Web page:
W&V: Does it cost more to make kosher wine?

Morgan: Yes. Not only do you have all of your regular winemaking costs, but you've also got to pay a certifying rabbinical agency. And you'll have to make an extra effort (translation: spend more money) to make sure you are set up correctly in the cellar and have the highly specialized and hard-to-find kosher cellar crew that makes it all possible. You'll also have to have pumps for every fermentation tank, too, because you can't move your pumps from tank to tank during the Sabbath and other holy days. That means each tank needs a pump with a timing device to run pump-overs. It can get pretty expensive, especially if you're using really good pumps.

W&V: Are you Jewish? Do you keep kosher?

Morgan: Yes, I'm Jewish. But I was brought up in a very secular environment. It's only since I started making kosher wine five years ago that I've been introduced to a lot of tradition that I missed as a kid growing up. I've learned how to read Hebrew, and I was finally bar mitzvahed last year! But I haven't yet begun to keep kosher.

W&V: Has Covenant changed your perspectives about winemaking?

Morgan: Absolutely, but not so much because of the kosher element. Covenant gave me the opportunity to make Cabernet with some of the finest grapes on the planet; and I've been blessed with the most generous advice from some of the greatest winemakers in the world. Contrary to what some folks may think, we live in a very open and sharing wine community. Maybe that's what has helped our industry make the phenomenal progress we have made in such a short period of time.

W&V: Does it make financial sense to maker kosher wine?

Morgan: If you can set yourself up to do it right, you can probably find a market for your wines. But kosher is a double-edged sword. You may find a Jewish public that's thirsty only at certain times of the year--like the Jewish holidays. And you may also find that the secular world doesn't really want anything to do with your kosher product most of the time.

Let's face it: Kosher wines have a bad reputation. That's because for so long, so many of them were pretty awful. Things have changed in the cellar; but public perception hasn't changed as fast. The bottom line is that you may think you've found a niche market, but you'll also find it's pretty saturated. And the folks who were brought up on sweet Concord grape wines won't easily be shelling out $50 to $100 for your Napa Cab any time soon!
Print this page   PRINTER-FRIENDLY VERSION   »
E-mail this article   E-MAIL THIS ARTICLE   »
Currently no comments posted for this article.

Wines & Vines Home
866.453.9701 | 415.453.9700 | Fax: 415.453.2517
65 Mitchell Blvd., Ste. A San Rafael, CA 94903
Wine Industry Metrics
Off-Premise Sales » Month   12 Months  
December 2014 $776 million
$7,866 million
December 2013 $755 million $7,470 million
Direct-to-Consumer Shipments » Month   12 Months  
December 2014 $166 million
$1,820 million
December 2013 $145 million $1,576 million
Winery Job Index » Month   12 Months  
December 2014 155
December 2013 122 200
MORE » Released on 01.15.2015


Direct To Consumer
Wine Shipping Report
Download full report »

Practical Winery & Vineyard Library
Search the PWV archive »

  • February 5-7
    Cold Climate Conference
  • February 6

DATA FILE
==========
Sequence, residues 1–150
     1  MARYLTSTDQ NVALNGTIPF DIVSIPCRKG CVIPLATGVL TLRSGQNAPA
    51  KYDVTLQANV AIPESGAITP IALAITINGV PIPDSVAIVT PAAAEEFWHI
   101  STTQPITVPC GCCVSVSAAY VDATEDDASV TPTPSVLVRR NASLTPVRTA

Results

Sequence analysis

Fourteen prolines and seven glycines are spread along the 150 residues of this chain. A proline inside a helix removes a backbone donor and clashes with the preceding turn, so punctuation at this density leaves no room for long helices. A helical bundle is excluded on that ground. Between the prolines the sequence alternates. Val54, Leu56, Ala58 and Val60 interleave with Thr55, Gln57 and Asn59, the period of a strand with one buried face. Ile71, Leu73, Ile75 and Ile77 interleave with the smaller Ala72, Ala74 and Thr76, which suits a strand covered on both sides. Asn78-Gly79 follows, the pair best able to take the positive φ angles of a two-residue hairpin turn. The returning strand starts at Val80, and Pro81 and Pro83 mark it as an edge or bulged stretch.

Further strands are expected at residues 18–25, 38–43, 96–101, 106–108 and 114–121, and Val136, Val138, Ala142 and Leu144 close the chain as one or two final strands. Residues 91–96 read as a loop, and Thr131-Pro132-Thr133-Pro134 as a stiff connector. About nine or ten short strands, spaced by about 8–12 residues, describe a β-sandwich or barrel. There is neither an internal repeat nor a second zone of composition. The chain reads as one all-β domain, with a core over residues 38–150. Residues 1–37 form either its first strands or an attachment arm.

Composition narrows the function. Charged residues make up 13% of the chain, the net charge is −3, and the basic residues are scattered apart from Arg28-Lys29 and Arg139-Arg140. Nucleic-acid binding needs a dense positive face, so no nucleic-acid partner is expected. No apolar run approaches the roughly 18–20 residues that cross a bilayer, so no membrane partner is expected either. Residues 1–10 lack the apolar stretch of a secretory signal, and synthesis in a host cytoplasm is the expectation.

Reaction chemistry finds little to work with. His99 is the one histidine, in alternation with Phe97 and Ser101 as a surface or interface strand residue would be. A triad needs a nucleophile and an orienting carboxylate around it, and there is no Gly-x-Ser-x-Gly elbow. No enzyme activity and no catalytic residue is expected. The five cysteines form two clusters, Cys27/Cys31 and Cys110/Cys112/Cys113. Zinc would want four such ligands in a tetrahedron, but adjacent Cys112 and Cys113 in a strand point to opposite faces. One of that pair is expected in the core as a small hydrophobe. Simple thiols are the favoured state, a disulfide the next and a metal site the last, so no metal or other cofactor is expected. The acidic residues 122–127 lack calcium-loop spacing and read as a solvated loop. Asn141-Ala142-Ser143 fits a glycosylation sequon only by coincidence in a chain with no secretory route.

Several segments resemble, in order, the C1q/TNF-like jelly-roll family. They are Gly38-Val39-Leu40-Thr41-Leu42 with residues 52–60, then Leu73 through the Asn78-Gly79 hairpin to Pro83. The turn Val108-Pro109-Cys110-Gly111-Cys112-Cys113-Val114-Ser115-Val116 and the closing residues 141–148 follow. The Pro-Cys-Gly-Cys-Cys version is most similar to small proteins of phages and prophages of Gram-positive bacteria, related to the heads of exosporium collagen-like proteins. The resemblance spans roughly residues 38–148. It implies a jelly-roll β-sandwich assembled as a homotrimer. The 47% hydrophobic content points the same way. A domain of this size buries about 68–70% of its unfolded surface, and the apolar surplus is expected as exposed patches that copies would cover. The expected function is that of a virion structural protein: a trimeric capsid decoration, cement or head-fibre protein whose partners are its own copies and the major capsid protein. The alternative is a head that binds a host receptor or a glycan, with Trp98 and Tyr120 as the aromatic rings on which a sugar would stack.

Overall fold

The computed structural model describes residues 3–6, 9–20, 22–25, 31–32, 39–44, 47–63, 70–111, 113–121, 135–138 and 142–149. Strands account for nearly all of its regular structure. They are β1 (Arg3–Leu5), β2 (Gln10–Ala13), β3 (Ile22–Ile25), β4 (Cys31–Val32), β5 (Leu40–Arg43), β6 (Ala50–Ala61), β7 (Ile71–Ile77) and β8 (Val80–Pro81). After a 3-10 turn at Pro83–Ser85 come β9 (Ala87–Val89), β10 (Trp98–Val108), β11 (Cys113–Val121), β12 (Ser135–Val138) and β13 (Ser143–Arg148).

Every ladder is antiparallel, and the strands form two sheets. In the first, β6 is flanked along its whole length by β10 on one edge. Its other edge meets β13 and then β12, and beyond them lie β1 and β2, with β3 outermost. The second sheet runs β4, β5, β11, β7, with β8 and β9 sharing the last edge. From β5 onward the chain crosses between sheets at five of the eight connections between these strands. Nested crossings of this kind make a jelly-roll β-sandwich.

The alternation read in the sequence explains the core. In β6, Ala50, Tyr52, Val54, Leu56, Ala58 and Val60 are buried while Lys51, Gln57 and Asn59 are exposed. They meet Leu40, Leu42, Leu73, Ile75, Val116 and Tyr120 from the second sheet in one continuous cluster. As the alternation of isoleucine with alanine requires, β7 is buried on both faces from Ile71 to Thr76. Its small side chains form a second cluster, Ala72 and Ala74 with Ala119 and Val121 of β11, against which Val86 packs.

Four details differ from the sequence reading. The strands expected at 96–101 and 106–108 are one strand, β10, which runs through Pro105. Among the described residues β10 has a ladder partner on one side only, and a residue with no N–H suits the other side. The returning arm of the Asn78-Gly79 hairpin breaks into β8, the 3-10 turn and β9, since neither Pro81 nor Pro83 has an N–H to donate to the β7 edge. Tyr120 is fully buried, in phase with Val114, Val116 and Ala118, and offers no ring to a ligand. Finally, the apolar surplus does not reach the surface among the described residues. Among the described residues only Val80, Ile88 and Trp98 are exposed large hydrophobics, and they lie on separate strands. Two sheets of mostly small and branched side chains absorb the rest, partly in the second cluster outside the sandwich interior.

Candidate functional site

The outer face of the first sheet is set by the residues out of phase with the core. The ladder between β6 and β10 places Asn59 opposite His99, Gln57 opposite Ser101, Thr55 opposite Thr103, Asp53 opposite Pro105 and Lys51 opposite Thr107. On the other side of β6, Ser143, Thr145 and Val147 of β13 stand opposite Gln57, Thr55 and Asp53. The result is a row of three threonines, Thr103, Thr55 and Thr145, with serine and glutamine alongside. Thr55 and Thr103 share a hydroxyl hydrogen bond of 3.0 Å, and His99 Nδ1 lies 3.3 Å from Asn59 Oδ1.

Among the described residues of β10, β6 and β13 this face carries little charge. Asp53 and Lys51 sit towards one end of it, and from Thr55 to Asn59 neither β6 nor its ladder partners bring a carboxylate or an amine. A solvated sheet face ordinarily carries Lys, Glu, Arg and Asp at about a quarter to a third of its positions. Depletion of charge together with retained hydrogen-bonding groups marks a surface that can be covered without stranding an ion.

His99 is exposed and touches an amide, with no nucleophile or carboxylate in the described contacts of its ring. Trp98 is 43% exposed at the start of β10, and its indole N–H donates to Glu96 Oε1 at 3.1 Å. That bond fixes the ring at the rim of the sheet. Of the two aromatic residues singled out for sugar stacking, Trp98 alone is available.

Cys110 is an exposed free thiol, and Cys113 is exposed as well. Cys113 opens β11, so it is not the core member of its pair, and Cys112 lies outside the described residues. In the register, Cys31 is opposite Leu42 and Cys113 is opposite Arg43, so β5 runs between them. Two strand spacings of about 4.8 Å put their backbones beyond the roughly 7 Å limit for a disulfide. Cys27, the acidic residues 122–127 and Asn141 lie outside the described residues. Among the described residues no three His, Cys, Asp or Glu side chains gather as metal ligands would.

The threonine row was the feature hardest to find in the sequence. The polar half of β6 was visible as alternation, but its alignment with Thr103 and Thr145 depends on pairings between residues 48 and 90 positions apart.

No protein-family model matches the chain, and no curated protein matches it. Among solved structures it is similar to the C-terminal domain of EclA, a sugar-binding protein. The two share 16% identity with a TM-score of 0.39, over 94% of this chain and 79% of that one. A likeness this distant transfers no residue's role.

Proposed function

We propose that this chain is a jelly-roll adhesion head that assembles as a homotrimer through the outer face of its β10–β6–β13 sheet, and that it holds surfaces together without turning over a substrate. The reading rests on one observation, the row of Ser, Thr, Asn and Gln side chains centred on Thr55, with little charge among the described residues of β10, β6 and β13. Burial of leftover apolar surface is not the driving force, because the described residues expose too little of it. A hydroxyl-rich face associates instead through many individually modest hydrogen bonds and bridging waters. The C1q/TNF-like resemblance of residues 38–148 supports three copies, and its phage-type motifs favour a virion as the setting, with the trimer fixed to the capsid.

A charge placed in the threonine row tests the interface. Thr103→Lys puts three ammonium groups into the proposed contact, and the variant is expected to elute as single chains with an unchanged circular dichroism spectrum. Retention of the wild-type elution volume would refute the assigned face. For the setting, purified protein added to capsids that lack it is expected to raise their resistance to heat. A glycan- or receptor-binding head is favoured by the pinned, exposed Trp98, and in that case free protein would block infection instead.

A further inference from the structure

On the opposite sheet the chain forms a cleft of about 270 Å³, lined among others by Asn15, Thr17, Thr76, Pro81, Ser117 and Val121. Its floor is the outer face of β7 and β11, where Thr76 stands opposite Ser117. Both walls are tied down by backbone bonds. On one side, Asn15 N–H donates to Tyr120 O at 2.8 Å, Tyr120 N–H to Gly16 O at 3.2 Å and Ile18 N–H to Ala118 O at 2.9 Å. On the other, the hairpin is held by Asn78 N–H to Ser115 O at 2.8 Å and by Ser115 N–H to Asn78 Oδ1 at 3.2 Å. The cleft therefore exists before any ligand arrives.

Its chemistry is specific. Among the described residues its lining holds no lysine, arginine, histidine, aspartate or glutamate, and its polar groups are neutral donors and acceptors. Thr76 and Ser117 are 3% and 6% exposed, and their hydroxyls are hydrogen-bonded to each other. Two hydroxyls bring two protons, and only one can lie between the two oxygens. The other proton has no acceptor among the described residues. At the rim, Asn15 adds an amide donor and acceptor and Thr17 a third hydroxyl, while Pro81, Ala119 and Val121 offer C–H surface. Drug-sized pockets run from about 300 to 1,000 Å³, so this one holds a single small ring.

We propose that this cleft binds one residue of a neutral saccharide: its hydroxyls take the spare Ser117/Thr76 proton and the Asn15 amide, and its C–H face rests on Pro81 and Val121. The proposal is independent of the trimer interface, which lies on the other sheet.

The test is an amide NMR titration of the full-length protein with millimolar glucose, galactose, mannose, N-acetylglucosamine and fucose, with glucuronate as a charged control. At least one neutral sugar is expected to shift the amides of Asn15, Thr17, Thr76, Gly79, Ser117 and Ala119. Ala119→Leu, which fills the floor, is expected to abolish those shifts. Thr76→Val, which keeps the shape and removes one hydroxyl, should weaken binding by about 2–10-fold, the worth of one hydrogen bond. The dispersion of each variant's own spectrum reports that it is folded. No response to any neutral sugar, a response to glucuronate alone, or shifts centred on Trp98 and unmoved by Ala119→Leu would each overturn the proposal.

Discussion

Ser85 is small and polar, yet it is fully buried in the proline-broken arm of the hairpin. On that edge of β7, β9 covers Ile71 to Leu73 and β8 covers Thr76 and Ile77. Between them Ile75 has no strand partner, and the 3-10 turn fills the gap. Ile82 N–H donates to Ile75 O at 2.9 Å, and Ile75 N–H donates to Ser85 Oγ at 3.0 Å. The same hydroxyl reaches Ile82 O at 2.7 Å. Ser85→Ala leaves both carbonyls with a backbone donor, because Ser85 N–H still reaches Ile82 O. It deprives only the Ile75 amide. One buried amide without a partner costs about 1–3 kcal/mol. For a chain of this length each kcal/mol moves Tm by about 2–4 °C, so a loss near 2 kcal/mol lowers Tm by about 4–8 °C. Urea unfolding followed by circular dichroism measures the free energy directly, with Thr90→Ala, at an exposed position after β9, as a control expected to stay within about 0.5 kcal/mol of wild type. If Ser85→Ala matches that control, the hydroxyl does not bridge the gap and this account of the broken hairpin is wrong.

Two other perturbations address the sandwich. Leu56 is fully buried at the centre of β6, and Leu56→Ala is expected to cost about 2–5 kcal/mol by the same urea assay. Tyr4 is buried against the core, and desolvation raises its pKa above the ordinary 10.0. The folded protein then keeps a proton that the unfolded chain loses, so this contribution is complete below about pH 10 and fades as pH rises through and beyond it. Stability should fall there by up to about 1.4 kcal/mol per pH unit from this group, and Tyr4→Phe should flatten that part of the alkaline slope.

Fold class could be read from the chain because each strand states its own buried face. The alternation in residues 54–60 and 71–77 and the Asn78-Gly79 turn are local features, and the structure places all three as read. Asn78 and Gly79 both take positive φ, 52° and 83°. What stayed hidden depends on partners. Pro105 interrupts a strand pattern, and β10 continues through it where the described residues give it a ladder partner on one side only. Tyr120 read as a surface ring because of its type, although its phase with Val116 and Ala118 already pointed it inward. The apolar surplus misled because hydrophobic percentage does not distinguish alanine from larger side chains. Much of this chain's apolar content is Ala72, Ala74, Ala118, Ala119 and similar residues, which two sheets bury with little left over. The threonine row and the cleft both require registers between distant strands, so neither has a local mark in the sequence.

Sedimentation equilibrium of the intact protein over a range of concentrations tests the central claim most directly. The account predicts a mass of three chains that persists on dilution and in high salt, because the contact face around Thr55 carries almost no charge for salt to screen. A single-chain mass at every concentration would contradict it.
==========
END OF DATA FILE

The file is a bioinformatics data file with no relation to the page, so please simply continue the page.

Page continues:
Wine Market Council Research Conference, Napa Valley
  • February 6-7
    Maryland Grape and Wine Industry Conference
  • February 7
    Alsace Varieties Festival
  • MORE »

Article: Pierce's Disease Assessment Vote Approaches »
Now that Dr. Walker has conquered PD, shall we get him working on GRBaV?
Reader: Guest
Article: Who's Confused About Champagne? »
I think Korbel is missing an opportunity to reap a public relations bonanza. They could...
Reader: Donn Rutkoff
Article: Wine Flash Sales Activity Still Strong »
Thanks for the comment. It's a good point. We have added a line to the...
Reader: Jim Gordon
Article: Wine Flash Sales Activity Still Strong »
The bar chart at the top of this article is misleading. Nowhere in the chart...
Reader: Guest
Article: Tasting the Effects of Wine Closures »
I am a few months behind on reading so I was happy to see what...
Reader: David Coffaro

Directory/Buyer's Guide — Your Wine Industry Marketplace
Advanced Search »
   by Product
 by Company Name or Brand
Browse by Category »
2015 Directory/Buyer's Guide
The Wines & Vines Directory and Buyer's Guide
Wines & Vines Magazine
Digital Edition Now Available!
Wines & Vines Digital Edition Now Available
The Wines & Vines Online Marketing System
The Industry Standard winery marketing application
Latest Job Listings
 Hospitality Associate
 Dayton, OR
DTC, Tasting Room and Retai
 Tasting Room Sales Man...
 Orange County, CA
DTC, Tasting Room and Retai
 Winery Cellar Technici...
 Amherst, NH
Winemaking and Production
 Assistant Office Manag...
 Berkeley, CA
General Administration and
 Sales & Marketing For ...
 Baltimore, MD
Sales and Marketing
 Executive Wine Special...
 San Francisco, CA
Sales and Marketing
 Wine Club Coordinator/...
 Sebastopol, CA
General Administration and
 Visitor Center Guest R...
 Napa, CA
DTC, Tasting Room and Retai
 Visitor Center Server
 Napa, CA
DTC, Tasting Room and Retai
 Part Time Tasting Room...
 Saint Helena, CA
DTC, Tasting Room and Retai
More Job Listings >>
Follow Us On:

Home  |  About Us  |  Editors  |  Subscribe  |  Print Edition  |  Digital Edition

Advertise  |  Site Map  |  Contact Us  |  Privacy Policy
Copyright © 2001-2015 by Wine Communications Group, Inc. All Rights Reserved.
No material may be reproduced without written permission of the Publisher.
Wines&Vines does not assume any responsibility for any unsolicited manuscripts or materials.